Junior Designer – as the name suggests – sounds entry level but many designers start their careers as Intern Designers or Junior Designer Interns. A junior is expected to have between 1 – 2 years of professional experience. An intern could get the role with non-professional experience alone. Some Junior Designers have enough talent and non-professional experience to jump straight into the role.
You will work with experienced graphic designers, therefore the role of the junior is to support and learn from their experience. Initially, you should expect to be given the least complicated parts of a project or to work on in-house design projects. There will be a certain level of support or admin involved while you gain experience and build your skills to work on projects by yourself.
In many industries, juniors spend time doing everything but what the job title suggests. In this case, you might be expected to make tea, fetch coffee, photocopy and run errands and do very little designing. Fortunately, the Graphic Design industry is not like this. Should you find yourself in that situation, you should ask to get more involved in projects to gain as much experience as possible.
Don’t worry if you’re not the most competent person at everyone, every designer is learning new things on a daily basis, especially with this constantly updating, specialist.
Your unique skills are what will set you apart from other people. A design agency may be looking for their Junior Designer to have a specific skill that no-one else in their agency has. These skills may not specifically relate to design, you might be an awesome photographer, confident public speaker or networker extraordinaire.
Yes! A common misconception is that graphic designers sit in front of computers and don’t need to talk to anyone. Design is always a collaborative process, strong teamwork skills are essential.
The reality is, most graphic design is created for a third party – a client. The client could be the company you work for and this would be considered in-house design, however, the vast majority of design is created for an external person.
You may have created the most amazing work of art but you will also need to learn how to communicate your concepts to multiple people.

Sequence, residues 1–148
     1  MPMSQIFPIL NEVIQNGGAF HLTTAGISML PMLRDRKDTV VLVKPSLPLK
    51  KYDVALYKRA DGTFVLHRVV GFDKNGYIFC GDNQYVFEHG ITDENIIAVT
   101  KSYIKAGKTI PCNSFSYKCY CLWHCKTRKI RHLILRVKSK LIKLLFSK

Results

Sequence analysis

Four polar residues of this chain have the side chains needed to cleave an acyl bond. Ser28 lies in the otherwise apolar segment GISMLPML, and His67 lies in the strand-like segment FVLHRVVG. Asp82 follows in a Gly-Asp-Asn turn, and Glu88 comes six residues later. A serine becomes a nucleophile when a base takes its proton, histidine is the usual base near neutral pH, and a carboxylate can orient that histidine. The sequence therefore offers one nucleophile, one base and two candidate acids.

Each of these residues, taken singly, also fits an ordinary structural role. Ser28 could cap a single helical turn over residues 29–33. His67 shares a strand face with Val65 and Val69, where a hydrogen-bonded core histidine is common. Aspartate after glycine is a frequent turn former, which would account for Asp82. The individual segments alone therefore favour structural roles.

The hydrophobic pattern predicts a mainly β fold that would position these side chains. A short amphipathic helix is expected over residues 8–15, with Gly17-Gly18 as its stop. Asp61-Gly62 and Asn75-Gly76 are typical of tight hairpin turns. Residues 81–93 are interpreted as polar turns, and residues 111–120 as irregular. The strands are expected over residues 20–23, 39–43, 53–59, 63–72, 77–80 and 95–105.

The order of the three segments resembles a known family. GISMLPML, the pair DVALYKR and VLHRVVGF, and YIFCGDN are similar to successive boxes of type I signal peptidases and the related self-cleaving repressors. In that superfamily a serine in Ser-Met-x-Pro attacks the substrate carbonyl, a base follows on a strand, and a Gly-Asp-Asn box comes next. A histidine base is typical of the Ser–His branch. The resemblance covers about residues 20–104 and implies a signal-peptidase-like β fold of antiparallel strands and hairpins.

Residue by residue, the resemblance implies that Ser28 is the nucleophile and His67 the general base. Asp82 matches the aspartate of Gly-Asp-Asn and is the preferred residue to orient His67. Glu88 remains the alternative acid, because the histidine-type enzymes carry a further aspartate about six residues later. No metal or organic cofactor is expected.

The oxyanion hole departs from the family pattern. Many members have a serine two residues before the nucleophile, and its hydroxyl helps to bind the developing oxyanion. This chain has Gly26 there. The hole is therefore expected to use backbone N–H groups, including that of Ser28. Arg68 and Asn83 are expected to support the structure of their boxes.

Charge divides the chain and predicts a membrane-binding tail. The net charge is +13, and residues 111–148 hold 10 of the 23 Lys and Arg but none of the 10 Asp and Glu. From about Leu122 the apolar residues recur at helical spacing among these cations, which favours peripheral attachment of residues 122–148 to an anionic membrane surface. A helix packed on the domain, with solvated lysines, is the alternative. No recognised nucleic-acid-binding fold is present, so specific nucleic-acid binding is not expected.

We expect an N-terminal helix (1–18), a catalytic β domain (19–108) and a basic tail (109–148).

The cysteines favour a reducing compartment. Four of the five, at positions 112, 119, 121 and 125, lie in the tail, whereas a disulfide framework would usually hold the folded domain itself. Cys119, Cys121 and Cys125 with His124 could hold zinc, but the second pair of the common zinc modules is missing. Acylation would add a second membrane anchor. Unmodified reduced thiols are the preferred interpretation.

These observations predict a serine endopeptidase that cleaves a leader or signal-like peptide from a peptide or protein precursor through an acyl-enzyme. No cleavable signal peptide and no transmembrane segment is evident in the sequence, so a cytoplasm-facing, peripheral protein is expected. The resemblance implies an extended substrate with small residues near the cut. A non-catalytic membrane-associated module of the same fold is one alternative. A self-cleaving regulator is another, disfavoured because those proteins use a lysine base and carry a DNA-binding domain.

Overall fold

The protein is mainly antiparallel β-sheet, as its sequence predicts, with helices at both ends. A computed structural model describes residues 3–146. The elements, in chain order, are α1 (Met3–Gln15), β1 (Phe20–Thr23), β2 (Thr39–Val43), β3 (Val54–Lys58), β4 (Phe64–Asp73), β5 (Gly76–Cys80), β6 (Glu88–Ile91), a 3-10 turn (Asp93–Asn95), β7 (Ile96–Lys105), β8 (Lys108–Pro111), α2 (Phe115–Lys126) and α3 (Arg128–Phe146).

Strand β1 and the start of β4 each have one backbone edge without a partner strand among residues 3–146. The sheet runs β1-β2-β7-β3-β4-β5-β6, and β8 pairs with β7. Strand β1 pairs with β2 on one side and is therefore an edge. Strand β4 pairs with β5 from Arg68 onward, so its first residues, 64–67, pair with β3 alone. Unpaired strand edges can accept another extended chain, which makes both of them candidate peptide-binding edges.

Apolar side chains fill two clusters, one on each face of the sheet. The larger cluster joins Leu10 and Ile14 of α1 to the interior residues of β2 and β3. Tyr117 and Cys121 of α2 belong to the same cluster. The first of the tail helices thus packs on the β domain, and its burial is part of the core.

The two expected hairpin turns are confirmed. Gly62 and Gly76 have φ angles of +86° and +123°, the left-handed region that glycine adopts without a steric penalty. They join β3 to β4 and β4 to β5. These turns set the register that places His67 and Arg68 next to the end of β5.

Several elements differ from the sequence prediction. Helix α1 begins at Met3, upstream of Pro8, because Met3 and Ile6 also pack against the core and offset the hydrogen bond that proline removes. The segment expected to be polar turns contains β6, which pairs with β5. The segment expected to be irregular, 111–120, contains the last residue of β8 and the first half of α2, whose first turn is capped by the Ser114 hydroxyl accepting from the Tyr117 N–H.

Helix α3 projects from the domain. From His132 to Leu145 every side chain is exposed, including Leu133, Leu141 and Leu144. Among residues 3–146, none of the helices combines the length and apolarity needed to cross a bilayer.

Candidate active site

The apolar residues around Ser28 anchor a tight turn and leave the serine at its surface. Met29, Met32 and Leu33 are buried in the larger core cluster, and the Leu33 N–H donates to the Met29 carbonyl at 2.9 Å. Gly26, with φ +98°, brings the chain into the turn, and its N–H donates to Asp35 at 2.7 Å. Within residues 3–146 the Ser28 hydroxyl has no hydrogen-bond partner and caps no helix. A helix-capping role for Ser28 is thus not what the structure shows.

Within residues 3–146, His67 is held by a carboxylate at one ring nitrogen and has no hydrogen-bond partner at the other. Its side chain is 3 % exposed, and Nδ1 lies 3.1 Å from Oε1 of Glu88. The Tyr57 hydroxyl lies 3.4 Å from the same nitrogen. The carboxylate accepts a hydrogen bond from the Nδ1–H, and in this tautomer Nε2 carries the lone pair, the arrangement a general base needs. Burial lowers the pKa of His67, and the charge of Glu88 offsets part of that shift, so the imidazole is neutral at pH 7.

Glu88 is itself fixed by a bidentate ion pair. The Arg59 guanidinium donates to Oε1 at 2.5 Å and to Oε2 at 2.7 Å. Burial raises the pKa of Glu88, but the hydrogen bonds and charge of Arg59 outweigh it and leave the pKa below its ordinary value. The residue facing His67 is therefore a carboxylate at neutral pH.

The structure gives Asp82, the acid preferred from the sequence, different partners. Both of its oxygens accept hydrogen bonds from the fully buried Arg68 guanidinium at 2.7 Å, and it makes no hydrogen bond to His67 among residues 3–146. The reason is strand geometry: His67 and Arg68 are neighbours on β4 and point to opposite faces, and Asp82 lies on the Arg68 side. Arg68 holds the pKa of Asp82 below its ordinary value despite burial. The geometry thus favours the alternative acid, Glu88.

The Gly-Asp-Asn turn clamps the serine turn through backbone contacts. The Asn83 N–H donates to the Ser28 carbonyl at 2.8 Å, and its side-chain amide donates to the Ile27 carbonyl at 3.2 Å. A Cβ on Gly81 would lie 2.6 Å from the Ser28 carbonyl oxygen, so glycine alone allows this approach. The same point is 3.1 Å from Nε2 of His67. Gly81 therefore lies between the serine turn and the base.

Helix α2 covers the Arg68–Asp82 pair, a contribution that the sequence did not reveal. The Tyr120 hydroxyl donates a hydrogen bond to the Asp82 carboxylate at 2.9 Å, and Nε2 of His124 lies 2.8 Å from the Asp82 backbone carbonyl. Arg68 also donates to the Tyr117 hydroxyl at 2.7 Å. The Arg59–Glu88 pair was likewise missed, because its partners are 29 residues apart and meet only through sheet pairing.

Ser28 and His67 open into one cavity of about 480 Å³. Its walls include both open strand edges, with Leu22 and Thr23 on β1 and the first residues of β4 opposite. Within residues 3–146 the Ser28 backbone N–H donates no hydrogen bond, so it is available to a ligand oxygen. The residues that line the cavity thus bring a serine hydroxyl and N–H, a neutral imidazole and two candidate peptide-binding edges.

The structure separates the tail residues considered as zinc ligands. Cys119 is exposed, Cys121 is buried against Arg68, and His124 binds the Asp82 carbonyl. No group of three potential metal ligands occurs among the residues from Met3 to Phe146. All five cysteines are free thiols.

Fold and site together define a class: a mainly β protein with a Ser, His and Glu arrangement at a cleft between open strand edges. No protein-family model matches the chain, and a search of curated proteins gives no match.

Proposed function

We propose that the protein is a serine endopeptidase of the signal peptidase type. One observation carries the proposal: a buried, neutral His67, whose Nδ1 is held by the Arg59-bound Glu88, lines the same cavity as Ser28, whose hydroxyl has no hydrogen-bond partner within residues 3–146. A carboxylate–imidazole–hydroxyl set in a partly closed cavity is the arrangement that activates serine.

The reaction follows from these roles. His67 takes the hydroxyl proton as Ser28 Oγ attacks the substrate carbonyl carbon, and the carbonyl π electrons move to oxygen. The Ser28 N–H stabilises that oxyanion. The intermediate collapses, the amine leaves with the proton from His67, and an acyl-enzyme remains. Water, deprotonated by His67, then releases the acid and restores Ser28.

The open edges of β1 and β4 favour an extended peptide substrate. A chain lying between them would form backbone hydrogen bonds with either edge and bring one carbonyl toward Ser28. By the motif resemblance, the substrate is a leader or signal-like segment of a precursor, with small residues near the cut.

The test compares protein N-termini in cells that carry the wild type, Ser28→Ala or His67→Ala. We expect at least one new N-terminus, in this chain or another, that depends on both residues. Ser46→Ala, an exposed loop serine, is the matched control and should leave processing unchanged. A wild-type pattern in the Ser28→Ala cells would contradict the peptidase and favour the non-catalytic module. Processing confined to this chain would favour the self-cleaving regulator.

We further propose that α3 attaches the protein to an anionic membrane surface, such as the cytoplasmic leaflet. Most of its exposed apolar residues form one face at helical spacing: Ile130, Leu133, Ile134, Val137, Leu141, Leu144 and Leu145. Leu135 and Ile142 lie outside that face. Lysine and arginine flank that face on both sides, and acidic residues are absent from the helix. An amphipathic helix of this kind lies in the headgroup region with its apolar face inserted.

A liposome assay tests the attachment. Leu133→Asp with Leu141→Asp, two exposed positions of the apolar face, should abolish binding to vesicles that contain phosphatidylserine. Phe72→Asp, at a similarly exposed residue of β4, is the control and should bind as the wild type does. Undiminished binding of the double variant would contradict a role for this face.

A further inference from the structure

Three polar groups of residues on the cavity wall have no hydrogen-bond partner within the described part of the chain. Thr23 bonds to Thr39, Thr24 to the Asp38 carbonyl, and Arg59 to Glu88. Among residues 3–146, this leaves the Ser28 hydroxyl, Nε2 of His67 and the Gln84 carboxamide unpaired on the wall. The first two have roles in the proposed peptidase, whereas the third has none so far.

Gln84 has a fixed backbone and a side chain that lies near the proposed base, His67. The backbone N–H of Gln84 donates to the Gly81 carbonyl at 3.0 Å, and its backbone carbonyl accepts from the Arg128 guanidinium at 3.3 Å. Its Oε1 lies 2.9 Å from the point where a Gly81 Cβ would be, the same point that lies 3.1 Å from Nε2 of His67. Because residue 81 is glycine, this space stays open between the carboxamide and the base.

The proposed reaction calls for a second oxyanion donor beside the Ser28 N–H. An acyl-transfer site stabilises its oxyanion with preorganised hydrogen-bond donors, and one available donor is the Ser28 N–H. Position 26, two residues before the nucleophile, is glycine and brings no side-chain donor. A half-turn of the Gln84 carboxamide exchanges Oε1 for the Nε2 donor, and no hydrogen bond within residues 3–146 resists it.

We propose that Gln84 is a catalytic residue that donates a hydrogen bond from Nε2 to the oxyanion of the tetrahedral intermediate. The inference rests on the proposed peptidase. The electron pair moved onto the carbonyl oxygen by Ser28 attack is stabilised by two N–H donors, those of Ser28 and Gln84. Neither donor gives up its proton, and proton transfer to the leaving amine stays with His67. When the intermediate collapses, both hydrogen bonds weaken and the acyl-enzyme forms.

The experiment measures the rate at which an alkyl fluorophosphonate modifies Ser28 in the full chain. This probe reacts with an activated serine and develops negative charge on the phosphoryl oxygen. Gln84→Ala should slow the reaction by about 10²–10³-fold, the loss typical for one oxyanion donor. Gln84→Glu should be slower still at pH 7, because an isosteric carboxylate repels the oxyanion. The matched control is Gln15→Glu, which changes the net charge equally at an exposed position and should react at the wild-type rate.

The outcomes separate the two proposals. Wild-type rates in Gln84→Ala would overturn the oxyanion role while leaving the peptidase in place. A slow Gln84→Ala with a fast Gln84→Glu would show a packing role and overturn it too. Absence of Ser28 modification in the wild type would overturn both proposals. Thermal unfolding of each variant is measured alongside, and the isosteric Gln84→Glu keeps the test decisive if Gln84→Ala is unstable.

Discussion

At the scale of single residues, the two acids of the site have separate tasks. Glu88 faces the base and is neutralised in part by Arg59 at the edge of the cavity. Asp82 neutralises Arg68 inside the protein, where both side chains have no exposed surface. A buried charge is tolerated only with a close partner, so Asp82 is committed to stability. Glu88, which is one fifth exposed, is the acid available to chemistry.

If you’ve looked at any job website, you will see that salaries for all jobs vary greatly. Design roles are the same. Starting salary for a Junior Designer in the UK is anywhere between £20,000 and £25,000. This will vary depending on the company, recruiter and geographical location. For example, roles in central London pay a little more than roles outside of the M25. Check out PayScale for an idea of salary in your area.
A Junior Designer can expect to progress to a mid-weight design role followed by a senior designer role within 3 – 5 years. After this you could progress to a Creative Director, Art Director or other management positions.
We’ve asked some of the NU Creative designers about their first junior roles.
‘I was fortunate enough to land my first Junior Graphic Design role as soon as I finished university. I remember the job specification stated that I was to “support the Senior Graphic Designer” but thankfully this did not include making him tea or replying to his emails for him. The first couple of months were slow, picking up odd ends here and there in predominately art working based projects. However, as I gained the trust from my peers this quickly ramped up to the point where I would be taking on projects from concept through to completion. It felt amazing to put the skills I had honed over years of education to use in live commercial projects!
The first steps into the industry were certainly nerve-wracking. No one wants to make a mistake, especially when you’re responsible for producing projects with thousands of pounds riding on them. With this in mind, I had a senior designer to fall back on who would keep a vigilant eye on any big projects I was working on. I also took full advantage of this. If I was even only 1% unsure of something I would ask the senior designer to not only protect my back if something went wrong but to also learn as much from him as I can. Every day was a learning day but it doesn’t take long to stop feeling like just a junior and to start to feel like a fully competent member of the team.’
‘After a few internship stints, my first proper Junior Designer role was here at NU Creative. I’m still here to this day so it hasn’t been all that bad!
I was keen to work for an agency rather than in-house as I liked the idea of doing work for multiple brands. It was a steep learning curve coming from college to doing real work with real deadlines. I was totally prepared to do all the grunt work and be chief tea maker whilst I was learning the ropes. Going from learning to doing was a relatively quick transition and was helped by the fact that I listened carefully to my seniors and creative director and didn’t get disheartened by constructive criticism. It’s very easy to feel overwhelmed in the beginning as there is a lot to learn but listening and learning go a long way and the experience you gain from early setbacks helps shape you to be a better designer.’
Sarah Kloosman is Client Services Director at NU Creative, specialists in design with a world class team of designers at all levels.
NU Creative have been supporting companies like PWC, AON and Jones Lang LaSalle with their design for over a decade. We are passionate about creating truly memorable designs. Get in touch if you think NU Creative could help you evolve.